The word ‘economy’ first described the management of a household. It comes from the Greek oikonomia—oikous (house) and nemein (manage)—but its description of domestic frugality bears little relation to the contemporary ‘economy’ of governments and financial markets. Economies and capital are central to the dynamics of construction and urbanism, in ordering and disordering patterns of production and consumption. Given the collapse and mismanagement of the larger households of our societies, is it not vital to now evaluate the multiple meanings and potentials contained within this word? This international conference invited papers that investigate economy under the following themes:
Economy was seen historically as a spatially situated physical and social entity. Accordingly we invite contributions which interpret architectural territories as households. The extreme abstraction which characterises 'the economy' of financial experts tends to disempower the non-expert in relation to creative and productive life. Global scale and seemingly boundless territory is a part of this condition. Where, we might ask, are the edges of global economics? Papers are invited that address economies as spatially and materially embodied ‘wholes’ read in relation to their creative or productive life. The households under consideration may be at any scale: bed-sit, house, estate, community. Historic and contemporary studies are welcome.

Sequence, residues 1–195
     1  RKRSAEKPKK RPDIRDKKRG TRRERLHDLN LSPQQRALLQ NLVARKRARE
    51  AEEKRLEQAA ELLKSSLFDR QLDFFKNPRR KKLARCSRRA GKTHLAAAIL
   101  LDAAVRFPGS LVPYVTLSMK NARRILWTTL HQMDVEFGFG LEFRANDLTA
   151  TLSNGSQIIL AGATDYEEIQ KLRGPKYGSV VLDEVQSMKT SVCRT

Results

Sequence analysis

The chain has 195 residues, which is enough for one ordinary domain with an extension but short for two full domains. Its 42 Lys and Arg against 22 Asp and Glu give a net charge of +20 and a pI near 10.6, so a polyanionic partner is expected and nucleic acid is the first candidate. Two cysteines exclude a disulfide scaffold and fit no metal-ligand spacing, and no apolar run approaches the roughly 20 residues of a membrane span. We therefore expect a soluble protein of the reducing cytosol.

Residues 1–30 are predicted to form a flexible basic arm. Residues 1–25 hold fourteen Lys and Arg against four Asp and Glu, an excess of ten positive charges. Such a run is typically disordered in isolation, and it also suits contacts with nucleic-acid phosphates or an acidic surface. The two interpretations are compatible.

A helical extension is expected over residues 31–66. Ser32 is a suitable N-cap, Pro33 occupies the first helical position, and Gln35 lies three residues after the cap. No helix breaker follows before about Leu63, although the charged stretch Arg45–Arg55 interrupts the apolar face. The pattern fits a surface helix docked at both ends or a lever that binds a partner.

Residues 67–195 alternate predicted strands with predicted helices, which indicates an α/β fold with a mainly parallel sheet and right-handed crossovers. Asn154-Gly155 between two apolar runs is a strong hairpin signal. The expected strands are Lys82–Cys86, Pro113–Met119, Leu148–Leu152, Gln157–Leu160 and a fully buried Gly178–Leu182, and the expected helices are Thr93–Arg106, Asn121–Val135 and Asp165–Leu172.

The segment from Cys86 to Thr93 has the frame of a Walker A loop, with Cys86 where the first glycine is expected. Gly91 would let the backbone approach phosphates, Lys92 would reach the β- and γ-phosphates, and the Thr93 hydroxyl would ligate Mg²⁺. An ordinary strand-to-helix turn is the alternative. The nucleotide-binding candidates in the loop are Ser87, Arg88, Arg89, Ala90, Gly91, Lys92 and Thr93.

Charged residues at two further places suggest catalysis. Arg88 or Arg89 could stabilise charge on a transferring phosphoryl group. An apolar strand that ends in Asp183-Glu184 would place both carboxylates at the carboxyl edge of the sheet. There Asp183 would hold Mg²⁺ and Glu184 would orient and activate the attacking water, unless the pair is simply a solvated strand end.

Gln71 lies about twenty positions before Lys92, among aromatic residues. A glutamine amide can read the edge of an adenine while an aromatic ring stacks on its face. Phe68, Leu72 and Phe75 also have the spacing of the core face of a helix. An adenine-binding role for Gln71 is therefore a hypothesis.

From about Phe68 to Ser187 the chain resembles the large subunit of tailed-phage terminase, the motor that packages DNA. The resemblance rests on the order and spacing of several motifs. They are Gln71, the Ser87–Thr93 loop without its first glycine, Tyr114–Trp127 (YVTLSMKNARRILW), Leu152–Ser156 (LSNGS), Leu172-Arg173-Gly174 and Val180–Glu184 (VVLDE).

The dialogue between architecture and economy can lead to the minimal or the extravagant according to the agendas at play among the various actors. If we speak of economy and means we might consider system-building, self-build, re-use and conservation, prefabrication and component development - factors which impact upon architectural production, procurement and design-team communications. If we speak of economy of means we might question ideas of the everyday, the as-found, and minimalism, and consider ways in which architects spend more to achieve a desired ‘less’ or, alternatively, achieve more with less. We invite papers that address these and related issues.
For Marx, studying political economy meant studying the means of production of the capitalist system—understanding the mechanisms by which a small elite produces profit from habits socialised into working people. Economy here is understood as a system of control, exploitation and alienation. Lefebvre, among others, proposed that consumption, distribution and branding produce the spaces of capitalism, and are produced by it. Papers might question how architects are produced by, or produce, political economy.
‘We are soaked in economy as the mediaeval peoples were soaked in religion’, wrote Mies van der Rohe in 1959. The symbolic role of the cathedral has arguably been superseded by an architecture of capital, in which the bank, the commercial high-rise, shopping mall, and museum function as iconic destinations in urban landscapes produced for consumers. From the architecture of financial institutions, to the consequences of urban environments developed by speculators and programmed for tourists, papers could examine the historic, present, and future implications of environments built for economy.
The science of political economy as it emerged in the eighteenth and nineteenth centuries was arguably purely mercantile and lacked any definition of social capital. It was not only labour that was divided, but people themselves that were broken. In resistance, John Ruskin proclaimed: ‘There is no Wealth but Life’. Architecture appears to be involved in wealth creation and deprivation—but how? We invite papers that address issues of how value is acquired, defined or created in the many realms of architecture and its discourse, including education, practice, criticism and research.